Welcome to Barnside Brewing Sign
Welcome to Barnside Brewing in Delta on the South of the Fraser Ale Trail

We have a strict rule that in all of our beers, at least 51% of all ingredients must be ours. This is for every recipe in our entire beer lineup.

But in our one-mile beers, including our Fresh Hop IPA and Hop Yard Sour, our local ingredients are much higher than 51%. Plus, both of these beers include the one-mile yeast strain as well.

Our Farmer’s Tap Lager is made with our 100% pilsner malted barley and our hops. It does of course have a German lager yeast strain.

Our Batch 200 Estate Barleywine is also a one-mile beer. It is made with our 100% pilsner malted barley, boiled for eight hours. It was then aged in blackberry brandy ex-Bourbon barrels for 12 months.

Barnside Brewing - Batch 200 Barley Wine, South of the Fraser Ale Trail
Batch 200 Estate Barleywine, Barnside Brewing

KL: What else makes Barnside Brewing unique?

JL: We welded up a “barn-gineered” open fermenter that allows for spontaneous and open fermentation. This vessel gets most of its use in the cooler seasons when temperatures are better for keeping the yeast happy and unwanted microbes out of the beer. We use this vessel to spontaneously inoculate wort for our sour barrel program. We also use it for our open fermented Shingle Mill, which is our “Pub Standard” ESB.

Barnside Brewing - Shingle Mill ESB, South of the Fraser Ale Trail
Barnside Brewing – Shingle Mill ESB, in Delta on the South of the Fraser Ale Trail

Open-top fermentation takes us back to historical brewing methods. It’s really interesting because this radically alters the tank geometries and flavours of the beer. It creates an environment where the yeast is extremely happy. Because the yeast is moving around more freely, it results in a lively flavour profile in the beer.

ESB High Kräusen on top of the open fermenter at Barnside Brewing South of the Fraser Ale Trail
ESB High Kräusen on top of the open fermenter at Barnside Brewing

We also employ ancient brewing techniques where we brew a turbid mash during the winter and let it cool overnight. Then it’s transferred into barrels (wine puncheons or smaller sized oak barrels) where it ferments for one to three years. This becomes a base vinous sour for some of our different blended sours.

At Barnside, we want to take terroir to the next level. We want to be able to produce beautiful beers, but with historical techniques used in our own way to create modern farmhouse brewing.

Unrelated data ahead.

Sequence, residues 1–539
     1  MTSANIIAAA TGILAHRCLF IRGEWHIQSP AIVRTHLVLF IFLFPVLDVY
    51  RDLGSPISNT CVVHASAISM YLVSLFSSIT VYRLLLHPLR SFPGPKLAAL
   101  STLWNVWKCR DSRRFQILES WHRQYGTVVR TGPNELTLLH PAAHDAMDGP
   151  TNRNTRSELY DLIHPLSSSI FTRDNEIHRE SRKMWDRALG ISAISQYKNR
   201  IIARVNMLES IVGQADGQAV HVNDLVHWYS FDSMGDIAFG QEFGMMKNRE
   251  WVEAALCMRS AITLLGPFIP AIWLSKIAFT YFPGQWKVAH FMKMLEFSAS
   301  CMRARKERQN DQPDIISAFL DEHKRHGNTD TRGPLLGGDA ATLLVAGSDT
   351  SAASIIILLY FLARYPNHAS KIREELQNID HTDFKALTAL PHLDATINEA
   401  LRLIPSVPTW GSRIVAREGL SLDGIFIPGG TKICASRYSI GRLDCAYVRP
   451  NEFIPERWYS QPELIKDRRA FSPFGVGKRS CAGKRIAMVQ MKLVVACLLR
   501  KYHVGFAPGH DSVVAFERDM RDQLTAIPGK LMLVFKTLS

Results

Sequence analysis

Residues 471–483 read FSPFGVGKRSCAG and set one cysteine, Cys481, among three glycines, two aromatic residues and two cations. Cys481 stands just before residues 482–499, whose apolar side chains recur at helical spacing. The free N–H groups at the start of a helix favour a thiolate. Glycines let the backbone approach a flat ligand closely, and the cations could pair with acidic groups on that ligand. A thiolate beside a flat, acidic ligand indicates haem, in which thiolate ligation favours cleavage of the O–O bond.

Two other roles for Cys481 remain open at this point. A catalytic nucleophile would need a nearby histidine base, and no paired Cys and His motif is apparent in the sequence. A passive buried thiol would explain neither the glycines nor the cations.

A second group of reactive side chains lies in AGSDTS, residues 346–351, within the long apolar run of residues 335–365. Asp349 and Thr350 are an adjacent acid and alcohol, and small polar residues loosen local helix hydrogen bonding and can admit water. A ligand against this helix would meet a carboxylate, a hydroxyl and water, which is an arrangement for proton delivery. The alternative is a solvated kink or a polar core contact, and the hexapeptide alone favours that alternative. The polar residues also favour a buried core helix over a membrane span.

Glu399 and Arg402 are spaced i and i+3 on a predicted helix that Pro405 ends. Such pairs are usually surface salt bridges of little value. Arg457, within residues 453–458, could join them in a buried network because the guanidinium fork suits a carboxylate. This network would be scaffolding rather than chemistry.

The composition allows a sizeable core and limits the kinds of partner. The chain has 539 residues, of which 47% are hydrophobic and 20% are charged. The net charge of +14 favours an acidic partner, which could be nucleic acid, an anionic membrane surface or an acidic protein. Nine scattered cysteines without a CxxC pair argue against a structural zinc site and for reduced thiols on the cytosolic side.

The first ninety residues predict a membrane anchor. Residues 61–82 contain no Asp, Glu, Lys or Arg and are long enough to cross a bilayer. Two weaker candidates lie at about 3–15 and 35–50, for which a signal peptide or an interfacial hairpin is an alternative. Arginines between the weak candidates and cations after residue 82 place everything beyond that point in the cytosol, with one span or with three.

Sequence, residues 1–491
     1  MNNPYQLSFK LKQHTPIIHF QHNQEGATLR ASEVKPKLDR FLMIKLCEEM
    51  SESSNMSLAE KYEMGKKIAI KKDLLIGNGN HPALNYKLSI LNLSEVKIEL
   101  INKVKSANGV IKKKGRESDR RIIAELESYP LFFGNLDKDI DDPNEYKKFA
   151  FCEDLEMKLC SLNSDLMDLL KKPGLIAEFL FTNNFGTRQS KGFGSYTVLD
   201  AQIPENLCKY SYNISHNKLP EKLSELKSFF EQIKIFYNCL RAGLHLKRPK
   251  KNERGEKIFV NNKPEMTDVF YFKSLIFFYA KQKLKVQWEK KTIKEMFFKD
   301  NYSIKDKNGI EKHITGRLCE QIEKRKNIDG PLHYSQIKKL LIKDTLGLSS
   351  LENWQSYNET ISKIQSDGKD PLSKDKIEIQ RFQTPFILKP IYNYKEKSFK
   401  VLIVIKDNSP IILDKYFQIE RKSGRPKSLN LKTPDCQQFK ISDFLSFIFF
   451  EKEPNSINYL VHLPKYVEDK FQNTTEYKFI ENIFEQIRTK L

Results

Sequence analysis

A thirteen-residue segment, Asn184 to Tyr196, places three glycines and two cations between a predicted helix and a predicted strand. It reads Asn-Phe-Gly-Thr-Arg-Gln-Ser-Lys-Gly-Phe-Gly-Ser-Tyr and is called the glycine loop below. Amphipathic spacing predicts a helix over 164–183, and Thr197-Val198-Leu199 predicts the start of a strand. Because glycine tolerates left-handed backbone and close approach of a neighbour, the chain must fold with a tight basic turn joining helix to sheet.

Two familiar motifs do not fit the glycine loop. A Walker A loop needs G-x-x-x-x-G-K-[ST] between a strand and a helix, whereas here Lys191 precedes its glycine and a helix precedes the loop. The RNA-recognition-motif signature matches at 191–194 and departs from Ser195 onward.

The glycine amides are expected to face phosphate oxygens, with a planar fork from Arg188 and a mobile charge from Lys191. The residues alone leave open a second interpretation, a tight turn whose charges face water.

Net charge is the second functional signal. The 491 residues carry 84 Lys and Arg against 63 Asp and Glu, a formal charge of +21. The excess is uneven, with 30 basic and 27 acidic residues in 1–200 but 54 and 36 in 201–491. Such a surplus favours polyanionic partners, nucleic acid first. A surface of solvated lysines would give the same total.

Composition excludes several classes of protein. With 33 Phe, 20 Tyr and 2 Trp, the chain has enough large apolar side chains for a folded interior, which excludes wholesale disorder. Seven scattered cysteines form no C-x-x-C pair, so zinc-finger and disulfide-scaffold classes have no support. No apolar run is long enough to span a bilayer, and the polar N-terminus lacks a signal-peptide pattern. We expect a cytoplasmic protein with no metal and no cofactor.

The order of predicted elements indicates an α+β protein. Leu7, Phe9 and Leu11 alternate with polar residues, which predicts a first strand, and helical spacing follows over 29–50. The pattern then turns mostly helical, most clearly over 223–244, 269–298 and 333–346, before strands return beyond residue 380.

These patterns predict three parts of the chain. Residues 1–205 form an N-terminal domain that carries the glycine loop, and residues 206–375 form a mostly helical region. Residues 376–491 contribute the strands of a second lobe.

KL: Tell me about something new you are brewing right now.

JL: We just released Distant Storm, which is a Double IPA. I had a lot of fun brewing it. While we had this label previously, this is a totally new beer, reimagined from the ground up. It’s a pilsner malt base with lots of wheat. We used mash hopping, and Omega Yeast’s new Thiolized strain, Helio Gazer.

Distant Storm Double IPA is a limited release. It is available on draught and in four-packs of 473ml cans at liquor stores in the lower mainland and on Vancouver Island.

Barnside Brewing - Distant Storm DIPA South of the Fraser Ale Trail
Distant Storm Double IPA from Barnside Brewing

Following the success of this brew, a lot of the techniques we used in this beer will trickle into our core IPA in the near future.

We also just brewed a beer called Spring Blossom Cherry Gose. This uses our house sourdough culture for souring. This was my COVID project. I made sourdough bread using my own wild bacterial culture. After reading about Scratch Brewing using a sourdough culture in their beer, I decided to see how the culture I had created would taste in a beer. It worked great as a souring culture and we now use this in all of our stainless-steel fermented sours. In this beer, we also used local Montmorency cherries. We used all of the cherries, including the pits. The beer has lovely vanilla and cinnamon spice notes from the pits, and a beautiful colour from the juice. It’s not too tart. It’s a sessionable, drinkable sour.

It will be released in early March on draught and in four-packs of 473ml cans at liquor stores in the lower mainland and on Vancouver Island.

Barnside Spring Blossom Cherry Gose - 1, South of the Fraser Ale Trail
Spring Blossom Cherry Gose from Barnside Brewing